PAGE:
Cystic Renal Leiomyosarcoma Treated With Partial Nephrectomy

ABSTRACT

Renal sarcoma is rare among all renal malignancies. The present report is a case of renal leiomyosarcoma in a 59-year-old woman. She had an asymptomatic cystic renal tumor that was incidentally found by abdominal computed tomography. The characteristics of the tumor mimicked cystic renal cell carcinoma. Partial nephrectomy was completed. The pathological diagnosis was low-grade leiomyosarcoma. The patient has remained well without recurrence for 44 months following the surgery.

KEYWORDS: Renal tumor; Sarcoma; Leiomyosarcoma; Cystic mass; Partial nephrectomy.

CORRESPONDENCE: Yuji Satoh, 5-1-1 Nabeshima, Saga 849-8501, Japan ().

CITATION: UroToday Int J. 2010 Aug;3(4). doi:10.3834/uij.1944-5784.2010.08.17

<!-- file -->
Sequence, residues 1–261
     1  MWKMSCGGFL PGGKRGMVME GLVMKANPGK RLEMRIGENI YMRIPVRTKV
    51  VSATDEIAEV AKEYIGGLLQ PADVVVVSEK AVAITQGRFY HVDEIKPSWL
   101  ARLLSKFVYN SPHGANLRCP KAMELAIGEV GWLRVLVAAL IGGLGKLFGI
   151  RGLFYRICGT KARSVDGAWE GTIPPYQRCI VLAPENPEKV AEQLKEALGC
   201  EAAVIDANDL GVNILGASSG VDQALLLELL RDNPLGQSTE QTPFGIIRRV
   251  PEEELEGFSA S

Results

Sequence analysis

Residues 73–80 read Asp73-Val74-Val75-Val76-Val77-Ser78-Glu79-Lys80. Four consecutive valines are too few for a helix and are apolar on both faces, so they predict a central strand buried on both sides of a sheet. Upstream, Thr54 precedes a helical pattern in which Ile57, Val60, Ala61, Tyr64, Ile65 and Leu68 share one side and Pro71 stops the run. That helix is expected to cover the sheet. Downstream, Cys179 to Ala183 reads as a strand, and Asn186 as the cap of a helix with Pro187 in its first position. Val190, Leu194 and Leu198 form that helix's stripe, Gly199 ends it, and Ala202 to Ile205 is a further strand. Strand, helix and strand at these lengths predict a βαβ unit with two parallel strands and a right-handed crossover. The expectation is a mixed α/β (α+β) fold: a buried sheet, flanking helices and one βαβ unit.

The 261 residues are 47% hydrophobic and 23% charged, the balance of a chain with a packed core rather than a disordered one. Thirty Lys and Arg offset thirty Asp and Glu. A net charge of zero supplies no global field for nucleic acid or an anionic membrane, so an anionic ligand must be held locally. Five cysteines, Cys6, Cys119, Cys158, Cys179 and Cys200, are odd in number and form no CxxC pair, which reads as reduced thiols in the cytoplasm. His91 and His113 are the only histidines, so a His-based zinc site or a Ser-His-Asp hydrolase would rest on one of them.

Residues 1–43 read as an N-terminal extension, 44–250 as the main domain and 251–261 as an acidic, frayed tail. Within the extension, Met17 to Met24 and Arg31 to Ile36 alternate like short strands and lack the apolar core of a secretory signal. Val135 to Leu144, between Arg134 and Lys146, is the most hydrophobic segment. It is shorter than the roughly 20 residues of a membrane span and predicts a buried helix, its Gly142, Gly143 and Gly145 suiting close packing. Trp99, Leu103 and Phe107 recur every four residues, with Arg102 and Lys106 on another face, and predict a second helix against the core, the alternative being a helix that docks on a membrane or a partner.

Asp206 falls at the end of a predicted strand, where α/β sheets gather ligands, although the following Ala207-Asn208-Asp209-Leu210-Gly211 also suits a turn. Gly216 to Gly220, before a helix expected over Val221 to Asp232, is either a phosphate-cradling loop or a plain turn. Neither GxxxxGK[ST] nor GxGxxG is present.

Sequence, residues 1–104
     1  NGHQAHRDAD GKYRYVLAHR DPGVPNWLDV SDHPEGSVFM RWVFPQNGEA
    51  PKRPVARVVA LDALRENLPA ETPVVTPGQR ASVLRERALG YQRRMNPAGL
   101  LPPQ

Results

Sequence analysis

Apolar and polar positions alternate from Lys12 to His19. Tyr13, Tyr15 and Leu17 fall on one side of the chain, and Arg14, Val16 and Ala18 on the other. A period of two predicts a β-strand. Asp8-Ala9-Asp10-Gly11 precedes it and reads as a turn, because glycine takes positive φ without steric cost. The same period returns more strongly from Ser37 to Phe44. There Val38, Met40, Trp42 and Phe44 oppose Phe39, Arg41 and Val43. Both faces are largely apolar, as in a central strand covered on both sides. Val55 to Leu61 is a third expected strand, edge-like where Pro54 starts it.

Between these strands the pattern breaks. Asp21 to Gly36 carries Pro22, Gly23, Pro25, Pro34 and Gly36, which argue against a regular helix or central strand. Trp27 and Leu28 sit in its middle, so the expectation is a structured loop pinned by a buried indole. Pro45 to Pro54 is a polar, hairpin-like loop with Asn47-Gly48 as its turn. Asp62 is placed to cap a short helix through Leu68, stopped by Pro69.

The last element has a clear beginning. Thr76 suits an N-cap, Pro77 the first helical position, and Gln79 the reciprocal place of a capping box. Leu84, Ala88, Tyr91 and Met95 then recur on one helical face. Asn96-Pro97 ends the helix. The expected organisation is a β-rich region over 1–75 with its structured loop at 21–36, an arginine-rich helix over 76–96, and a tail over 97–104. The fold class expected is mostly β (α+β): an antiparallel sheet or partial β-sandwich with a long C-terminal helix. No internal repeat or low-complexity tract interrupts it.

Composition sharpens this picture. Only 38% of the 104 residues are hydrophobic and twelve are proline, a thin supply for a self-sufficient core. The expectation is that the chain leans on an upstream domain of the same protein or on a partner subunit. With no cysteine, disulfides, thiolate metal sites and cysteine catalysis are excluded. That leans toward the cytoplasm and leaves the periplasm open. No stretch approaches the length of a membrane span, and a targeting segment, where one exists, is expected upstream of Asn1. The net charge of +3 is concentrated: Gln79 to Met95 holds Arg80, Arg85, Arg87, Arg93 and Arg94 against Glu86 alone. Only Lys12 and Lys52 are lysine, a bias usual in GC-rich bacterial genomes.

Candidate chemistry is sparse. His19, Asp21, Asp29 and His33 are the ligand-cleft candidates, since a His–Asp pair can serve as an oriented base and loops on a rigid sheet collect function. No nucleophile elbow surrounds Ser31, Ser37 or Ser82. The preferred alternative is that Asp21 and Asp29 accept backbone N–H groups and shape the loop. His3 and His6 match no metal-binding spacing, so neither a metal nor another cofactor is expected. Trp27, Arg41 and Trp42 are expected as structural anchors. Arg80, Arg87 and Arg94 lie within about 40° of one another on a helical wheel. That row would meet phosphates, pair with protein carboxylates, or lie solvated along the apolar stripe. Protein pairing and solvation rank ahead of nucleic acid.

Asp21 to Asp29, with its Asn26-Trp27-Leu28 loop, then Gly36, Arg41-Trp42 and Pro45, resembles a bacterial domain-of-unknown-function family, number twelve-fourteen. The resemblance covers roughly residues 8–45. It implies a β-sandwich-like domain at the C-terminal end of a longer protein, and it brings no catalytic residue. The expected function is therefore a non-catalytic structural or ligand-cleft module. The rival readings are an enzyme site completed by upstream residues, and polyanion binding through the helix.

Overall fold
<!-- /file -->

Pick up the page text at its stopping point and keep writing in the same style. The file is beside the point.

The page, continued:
ABBREVIATIONS AND ACRONYMS: CT, computed tomography; NSS, nephron-sparing surgery.

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INTRODUCTION

Leiomyosarcoma constitutes between 0.5% and 1.5% of renal tumors in adults [1,2]. The tumors usually arise from either the renal capsule or smooth muscle tissue in the renal pelvic wall [2]. Prognosis is usually good at the early stage of the disease, following radical excision. However, despite intervention, 40% of patients die from the disease due to progression [3].

There are no specific indicators for renal leiomyosarcoma in imaging studies. Abdominal computed tomography (CT) scan typically demonstrates a large soft tissue mass involving the kidney. Cystic change in leiomyosarcoma is occasionally observed. Differentiation of renal leiomyosarcoma from renal cell carcinoma is often difficult on the basis of clinical manifestation and radiographic findings. The authors present a case of cystic leiomyosarcoma in which the mass was composed of a thick cystic wall with a large cystic portion, mimicking cystic renal cell carcinoma.